“We also had a visit from Pudsey supporting our two children’s varieties, Sunflower ‘Pudsey’ and Pumpkin ‘Pudsey’, that raise funds for BBC Children in Need and his visit featured in the TV coverage.”

The other product that has gone well is Seasol, the organic seaweed concentrate plant tonic that promotes healthy growth of plants, flowers, vegetables and even lawns. I use it on my outdoor tomatoes and I’m sure that’s one of the reasons they develop such huge root systems.

Personally, I think one of the reasons sales have gone well is that the show is less crowded, more spacious this year and so visitors feel more relaxed and happier about carrying their purchases around. So they’ve bought more.

You can catch up on the last of the TV coverage of the Show today from 7:30pm-8pm on BBC One then from 8:30pm-9:30pm on BBC Two and finally tomorrow night from 8pm-9pm on BBC Two. Enjoy the show – in person or on TV.

Still time to sow sunflowers!

June 1st, 2018 | Plant Talk with Graham Rice | 0 Comments

'Teddy Bear' sunflowers

“It’s June, and you’re suggesting I sow sunflowers?” You know what, I’ve even had them flowering well from sowing in July. OK, it was July 2, but still.

But there’s two things to keep in mind. Firstly, don’t put your faith in a June sowing of ‘Titan’, which can reach 3m, or ‘Kong’, which can grow even taller. These need an early sowing. Secondly, give them a good start, keep them growing strongly and never allow them to get dry. And there are also two approaches getting them going.

You can sow them outside, in the border or even in a container, where they’re going to flower. The advantages are that you don’t need any special equipment and they never suffer any root disturbance so grow steadily. The disadvantages are that you may have to plant them between other plants which soon overshadow them and that they feed the slugs.

I favour sowing individual seeds in 7.5cm pots of fresh new compost and keeping them in a cold greenhouse with the tomatoes – full ventilation. Or in a sunny and cosy place outside. Be sure to set mousetraps, I’ve already learned the hard way this season that mouse traps are essential.

When the the roots are emerging from the pot, plant them outside, stake them with a slender cane and water them in well with tomato feed in the water.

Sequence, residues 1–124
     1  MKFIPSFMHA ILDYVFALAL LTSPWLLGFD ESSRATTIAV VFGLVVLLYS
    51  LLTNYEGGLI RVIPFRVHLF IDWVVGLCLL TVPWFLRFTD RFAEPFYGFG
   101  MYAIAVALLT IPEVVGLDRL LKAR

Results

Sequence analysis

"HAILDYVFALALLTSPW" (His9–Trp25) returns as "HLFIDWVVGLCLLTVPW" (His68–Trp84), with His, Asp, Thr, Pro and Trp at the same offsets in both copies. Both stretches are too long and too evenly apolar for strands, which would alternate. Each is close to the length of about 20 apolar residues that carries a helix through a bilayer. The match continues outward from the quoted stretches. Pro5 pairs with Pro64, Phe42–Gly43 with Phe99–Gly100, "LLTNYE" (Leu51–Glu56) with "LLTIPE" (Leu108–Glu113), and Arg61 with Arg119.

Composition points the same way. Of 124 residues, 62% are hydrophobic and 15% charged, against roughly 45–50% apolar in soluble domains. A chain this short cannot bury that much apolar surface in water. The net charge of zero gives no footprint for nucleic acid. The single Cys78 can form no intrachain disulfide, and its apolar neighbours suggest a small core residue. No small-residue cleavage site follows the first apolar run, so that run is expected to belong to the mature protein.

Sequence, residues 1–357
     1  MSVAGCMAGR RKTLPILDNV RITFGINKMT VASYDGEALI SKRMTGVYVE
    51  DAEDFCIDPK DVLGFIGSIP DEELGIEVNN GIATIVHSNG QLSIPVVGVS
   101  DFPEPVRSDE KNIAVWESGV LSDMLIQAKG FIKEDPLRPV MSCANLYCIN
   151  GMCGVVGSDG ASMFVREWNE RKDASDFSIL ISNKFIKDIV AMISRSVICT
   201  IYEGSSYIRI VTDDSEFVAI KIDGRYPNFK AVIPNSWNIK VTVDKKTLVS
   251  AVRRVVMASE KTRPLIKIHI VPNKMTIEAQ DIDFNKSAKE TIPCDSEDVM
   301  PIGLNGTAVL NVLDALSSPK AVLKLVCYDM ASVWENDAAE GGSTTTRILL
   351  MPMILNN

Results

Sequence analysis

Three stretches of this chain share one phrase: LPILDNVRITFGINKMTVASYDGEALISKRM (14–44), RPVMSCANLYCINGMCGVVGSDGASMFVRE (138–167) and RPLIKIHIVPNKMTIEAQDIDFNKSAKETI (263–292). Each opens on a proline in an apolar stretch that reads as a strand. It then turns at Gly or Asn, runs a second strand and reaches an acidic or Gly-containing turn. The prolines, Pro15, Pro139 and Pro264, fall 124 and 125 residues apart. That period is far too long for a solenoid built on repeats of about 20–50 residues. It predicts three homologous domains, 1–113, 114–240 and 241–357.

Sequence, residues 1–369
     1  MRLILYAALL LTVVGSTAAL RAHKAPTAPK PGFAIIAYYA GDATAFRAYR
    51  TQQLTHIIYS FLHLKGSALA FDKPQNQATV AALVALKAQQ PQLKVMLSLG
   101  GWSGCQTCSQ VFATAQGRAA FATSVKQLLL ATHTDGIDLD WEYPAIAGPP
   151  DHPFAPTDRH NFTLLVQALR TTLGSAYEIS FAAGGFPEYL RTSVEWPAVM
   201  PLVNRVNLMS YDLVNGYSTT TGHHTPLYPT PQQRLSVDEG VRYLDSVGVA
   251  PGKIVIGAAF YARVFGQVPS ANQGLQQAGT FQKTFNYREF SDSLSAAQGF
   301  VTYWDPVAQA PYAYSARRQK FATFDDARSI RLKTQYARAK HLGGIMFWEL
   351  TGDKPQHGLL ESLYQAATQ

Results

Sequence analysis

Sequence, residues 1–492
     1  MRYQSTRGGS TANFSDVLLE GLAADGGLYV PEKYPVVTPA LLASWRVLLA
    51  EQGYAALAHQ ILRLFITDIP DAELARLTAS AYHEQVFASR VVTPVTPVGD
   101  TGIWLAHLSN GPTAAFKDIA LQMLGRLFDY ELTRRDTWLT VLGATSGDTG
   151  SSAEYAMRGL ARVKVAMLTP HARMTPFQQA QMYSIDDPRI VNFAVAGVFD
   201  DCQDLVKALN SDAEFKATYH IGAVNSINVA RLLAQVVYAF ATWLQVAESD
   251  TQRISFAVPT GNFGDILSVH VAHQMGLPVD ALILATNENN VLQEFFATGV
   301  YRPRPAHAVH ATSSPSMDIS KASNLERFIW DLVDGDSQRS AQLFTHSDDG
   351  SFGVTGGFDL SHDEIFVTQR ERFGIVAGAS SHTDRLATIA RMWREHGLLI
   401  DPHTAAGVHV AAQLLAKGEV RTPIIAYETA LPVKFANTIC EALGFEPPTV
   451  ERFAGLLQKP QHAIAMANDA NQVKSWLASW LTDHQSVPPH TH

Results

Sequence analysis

Whatever your approach, water them every week with tomato food and watch them grow – and then watch them flower. And the varieties to try? I tried it with ‘Solar Flash’ and ‘Teddy Bear’ but I’d say that ‘Choco Sun’, ‘Little Leo’,‘Santa Lucia’, and perhaps even ‘Garden Statement’ would be worth a try.

Take a look at all the Mr F sunflowers, and choose for yourself.

The lovely Canary creeper

May 18th, 2018 | Plant Talk with Graham Rice | 0 Comments

Tropaeolum canariense (canary creeper)A climbing nasturtium can be a bit of a thug. Vigorous growth, large leaves… A climbing nasturtium can smother even the most robust of plants. The closely related canary creeper, Tropaeolum canariense, on the other hand, is a climbing annual that’s altogether more acceptable – more delicate – in its habits.

Like clematis, it clings to its supports by twining its leaf stalks around anything it meets, but its leaves are small, prettily divided and never smother. Its flowers are bright, delicate, beautifully shaped in bright butter yellow with a delightful patterning of red spots on the petals. It produces a long succession of flowers all summer. It’s very pretty, and repays a close look. Can we agree that it’s a lovely plant? But how to use it?

I’m sowing seeds now, three seeds in 9cm pots, and when they’re up and growing I’ll be planting them at the base of my outdoor tomatoes. And at the base of climbing outdoor cucumbers. And on the sunny side of established shrubs such as sarcococcas and daphnes. And under the delphiniums so that when the delph flowers are long gone, there’ll be canary coloured flowers snaking over the foliage. And amongst my hardy chrysanthemums, to twine over the dull foliage before the flowers come.

As I mentioned, sow three of those big fat seeds in 9cm pots. Do it today. Place the pots on an indoor windowsill or in a cold greenhouse (set mousetraps!) for the seeds to germinate and, when the windowsill plants start through, move them to a sunny sheltered place outside to develop.

When the roots emerge at the base of the pots, plant them out. As the plants grow, they may need guiding in the direction of the supports that I hope you’ve provided to help them get going. Then sit back and enjoy the show.

* The Chelsea Flower Show starts on Tuesday, but I’ll be there getting an early look at how things are coming together from Saturday morning and will be posting here every day for week starting on Sunday. So please check back here every day.